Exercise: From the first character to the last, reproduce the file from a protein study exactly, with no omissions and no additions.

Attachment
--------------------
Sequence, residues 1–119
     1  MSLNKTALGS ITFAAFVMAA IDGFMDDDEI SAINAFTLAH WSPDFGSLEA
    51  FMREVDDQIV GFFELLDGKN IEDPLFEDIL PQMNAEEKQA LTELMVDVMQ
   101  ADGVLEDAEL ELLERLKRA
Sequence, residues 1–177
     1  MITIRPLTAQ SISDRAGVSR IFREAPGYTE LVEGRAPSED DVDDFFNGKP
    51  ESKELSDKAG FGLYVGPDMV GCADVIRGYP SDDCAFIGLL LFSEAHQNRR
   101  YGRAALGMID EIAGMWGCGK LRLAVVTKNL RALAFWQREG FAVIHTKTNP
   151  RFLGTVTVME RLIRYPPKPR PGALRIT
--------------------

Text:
Sequence, residues 1–119
     1  MSLNKTALGS ITFAAFVMAA IDGFMDDDEI SAINAFTLAH WSPDFGSLEA
    51  FMREVDDQIV GFFELLDGKN IEDPLFEDIL PQMNAEEKQA LTELMVDVMQ
   101  ADGVLEDAEL ELLERLKRA
Sequence, residues 1–177
     1  MITIRPLTAQ SISDRAGVSR IFREAPGYTE LVEGRAPSED DVDDFFNGKP
    51  ESKELSDKAG FGLYVGPDMV GCADVIRGYP SDDCAFIGLL LFSEAHQNRR
   101  YGRAALGMID EIAGMWGCGK LRLAVVTKNL RALAFWQREG FAVIHTKTNP
   151  RFLGTVTVME RLIRYPPKPR PGALRIT